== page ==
Autism and how it can affect a child
Autism (also referred to as autism spectrum disorder; ASD) is a condition that affects the overall development of an individual, typically signified by deficits and issues with social skills, communication and repetitive behaviours. It is believed that the development of the disorder is caused by both the person’s environment and genetic makeup, and as the severity and manifestation of symptoms can vary widely, how it is characterized in an individual is thought of in the context of the spectrum. Some individuals on the autism spectrum can have advanced learning, thinking and problem-solving abilities, while others may be critically below-average. Thus, the amount of supports and level of independence a person with autism may need can vary greatly. Literature suggests that people typically exhibit signs of autism by 2 or 3 years of age, although it can also appear earlier in life.
How autism affects communication skills
One of the most evident and common ways that autism can affect an individual is in the areas of communication and interpersonal skills. Children with autism commonly have problems with speech and verbal communication, may be non-verbal, or have difficulty effectively using language to express their thoughts. Individuals with autism routinely fail to comprehend that the process of communication is symbiotic in nature that involves more than just verbal communication, but also gestures, facial expressions, body language and eye contact. Children with ASD also often have difficulty understanding communication within social contexts and be unaware of expected social norms in terms of appropriate behaviors.
How speech therapy can help
As being able to adequately communicate and interact appropriately with others and one’s surroundings are essential for everyday functioning, children with autism can often be engaged in speech therapy to help improve their skills in these scopes. A speech language pathologist (commonly called a speech therapist) is a trained expert in communication and can help children to develop these abilities. Upon initial engagement, a speech therapist will usually garner a comprehensive history of the child’s medical, social and family background. Once the therapist has an idea of the child’s current communication level, their needs and overall functioning, they will work with the family (and often other important figures in the child’s life, such as teachers or other supports) to promote a plan for treatment.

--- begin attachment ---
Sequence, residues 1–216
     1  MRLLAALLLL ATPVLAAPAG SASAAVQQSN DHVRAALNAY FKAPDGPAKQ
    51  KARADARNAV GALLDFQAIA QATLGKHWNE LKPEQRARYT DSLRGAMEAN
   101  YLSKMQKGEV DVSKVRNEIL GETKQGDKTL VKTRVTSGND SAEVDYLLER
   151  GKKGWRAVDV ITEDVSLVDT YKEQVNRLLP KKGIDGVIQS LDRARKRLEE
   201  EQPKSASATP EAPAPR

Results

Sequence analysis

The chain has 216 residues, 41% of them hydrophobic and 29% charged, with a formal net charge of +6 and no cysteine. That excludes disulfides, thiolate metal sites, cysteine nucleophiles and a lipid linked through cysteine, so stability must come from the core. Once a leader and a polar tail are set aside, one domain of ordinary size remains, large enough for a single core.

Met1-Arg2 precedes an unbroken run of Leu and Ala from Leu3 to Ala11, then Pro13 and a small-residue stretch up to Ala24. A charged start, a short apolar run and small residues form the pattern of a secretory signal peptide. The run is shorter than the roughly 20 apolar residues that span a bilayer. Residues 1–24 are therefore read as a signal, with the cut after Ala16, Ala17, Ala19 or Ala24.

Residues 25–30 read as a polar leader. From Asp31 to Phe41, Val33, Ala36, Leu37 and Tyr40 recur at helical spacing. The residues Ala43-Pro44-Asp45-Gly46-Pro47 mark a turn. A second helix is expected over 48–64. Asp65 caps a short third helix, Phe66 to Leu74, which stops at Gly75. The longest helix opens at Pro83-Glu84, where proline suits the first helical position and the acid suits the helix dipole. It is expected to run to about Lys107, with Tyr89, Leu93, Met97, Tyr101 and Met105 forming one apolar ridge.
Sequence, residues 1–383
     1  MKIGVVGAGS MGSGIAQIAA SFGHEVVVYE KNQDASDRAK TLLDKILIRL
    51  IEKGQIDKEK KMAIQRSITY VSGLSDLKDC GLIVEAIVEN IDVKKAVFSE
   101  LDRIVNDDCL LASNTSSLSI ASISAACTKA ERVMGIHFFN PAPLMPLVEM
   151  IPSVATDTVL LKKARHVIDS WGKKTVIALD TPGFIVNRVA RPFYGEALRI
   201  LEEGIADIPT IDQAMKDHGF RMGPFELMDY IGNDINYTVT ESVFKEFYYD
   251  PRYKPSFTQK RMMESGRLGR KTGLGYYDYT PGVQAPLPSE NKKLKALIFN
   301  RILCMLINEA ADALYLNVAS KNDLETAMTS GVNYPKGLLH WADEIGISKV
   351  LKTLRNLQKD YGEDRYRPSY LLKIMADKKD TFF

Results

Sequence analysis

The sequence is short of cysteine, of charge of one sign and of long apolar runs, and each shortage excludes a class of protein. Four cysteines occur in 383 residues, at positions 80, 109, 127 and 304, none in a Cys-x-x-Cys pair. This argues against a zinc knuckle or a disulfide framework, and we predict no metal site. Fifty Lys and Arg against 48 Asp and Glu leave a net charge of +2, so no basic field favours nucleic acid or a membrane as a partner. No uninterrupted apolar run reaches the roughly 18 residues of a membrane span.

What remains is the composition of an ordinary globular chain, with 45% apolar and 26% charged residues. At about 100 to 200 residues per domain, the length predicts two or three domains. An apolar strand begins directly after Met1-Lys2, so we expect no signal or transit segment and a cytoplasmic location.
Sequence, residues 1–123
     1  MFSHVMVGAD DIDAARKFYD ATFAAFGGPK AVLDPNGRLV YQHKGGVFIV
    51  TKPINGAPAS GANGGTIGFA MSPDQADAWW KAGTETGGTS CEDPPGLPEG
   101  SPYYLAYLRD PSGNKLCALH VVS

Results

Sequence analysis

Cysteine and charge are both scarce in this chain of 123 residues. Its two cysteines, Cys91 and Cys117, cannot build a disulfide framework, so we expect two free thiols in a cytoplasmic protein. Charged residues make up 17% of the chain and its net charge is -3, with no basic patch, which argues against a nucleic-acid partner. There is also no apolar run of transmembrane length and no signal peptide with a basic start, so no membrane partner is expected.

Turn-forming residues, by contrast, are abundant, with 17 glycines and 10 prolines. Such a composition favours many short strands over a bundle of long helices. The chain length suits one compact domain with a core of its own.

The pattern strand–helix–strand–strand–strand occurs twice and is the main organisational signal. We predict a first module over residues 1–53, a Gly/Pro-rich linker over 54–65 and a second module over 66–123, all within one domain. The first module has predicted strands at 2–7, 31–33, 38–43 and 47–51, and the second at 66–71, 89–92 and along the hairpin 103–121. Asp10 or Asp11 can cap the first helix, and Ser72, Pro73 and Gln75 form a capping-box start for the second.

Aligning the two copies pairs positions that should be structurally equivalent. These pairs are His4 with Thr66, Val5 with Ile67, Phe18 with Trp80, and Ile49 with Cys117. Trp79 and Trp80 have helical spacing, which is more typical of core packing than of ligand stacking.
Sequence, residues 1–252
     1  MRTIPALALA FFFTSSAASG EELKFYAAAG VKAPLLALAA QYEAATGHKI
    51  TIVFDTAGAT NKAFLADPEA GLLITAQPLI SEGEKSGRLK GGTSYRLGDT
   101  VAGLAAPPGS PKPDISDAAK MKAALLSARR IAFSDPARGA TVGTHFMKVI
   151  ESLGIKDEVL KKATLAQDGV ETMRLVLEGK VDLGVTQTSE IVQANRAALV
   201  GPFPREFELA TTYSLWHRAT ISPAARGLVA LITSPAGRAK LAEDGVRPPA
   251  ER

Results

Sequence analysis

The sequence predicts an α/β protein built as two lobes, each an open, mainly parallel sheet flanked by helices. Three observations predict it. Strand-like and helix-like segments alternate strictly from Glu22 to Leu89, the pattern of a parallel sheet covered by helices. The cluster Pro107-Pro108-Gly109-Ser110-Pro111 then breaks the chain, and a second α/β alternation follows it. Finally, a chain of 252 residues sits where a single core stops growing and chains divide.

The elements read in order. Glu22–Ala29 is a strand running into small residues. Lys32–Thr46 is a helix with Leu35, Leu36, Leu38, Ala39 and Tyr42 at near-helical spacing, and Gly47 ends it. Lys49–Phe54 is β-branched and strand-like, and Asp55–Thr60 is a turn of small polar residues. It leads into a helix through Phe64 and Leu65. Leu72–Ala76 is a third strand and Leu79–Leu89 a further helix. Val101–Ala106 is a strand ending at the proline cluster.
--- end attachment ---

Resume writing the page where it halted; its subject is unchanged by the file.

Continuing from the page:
Depending on the child’s individual needs and therapeutic goals, speech therapy can help in the following ways:
– Improve the child’s capacity to adequately express themselves, which may involve non-verbal and verbal communication.
– Help the child to better understand what others are saying to them
– Improving communication skills will advance overall social skills and assist them to better form relationships
– Develop articulation of words and sentences
– Help build social skills and understanding of social contexts, e.g. an appropriate way to speak to a stranger vs someone they know
Speech therapy at home
If you have concerns about your child’s speech and language abilities, perhaps the best thing to do initially is to share your concerns with your child’s school, which may be able to refer you to a local speech pathology service. You may also speak to your local doctor.
One option for service delivery is for your child to get the therapy at home. This can make it more convenient for your family as it negates the hassle of travelling, and the child may be more comfortable in their natural environment. Having therapy at home also allows the speech therapist to gain a more holistic overview of the child’s home life and functioning. This enables the speech therapist to put forward a therapy plan that is better catered to the child and family’s needs, also giving other family members opportunities to be more involved in therapy.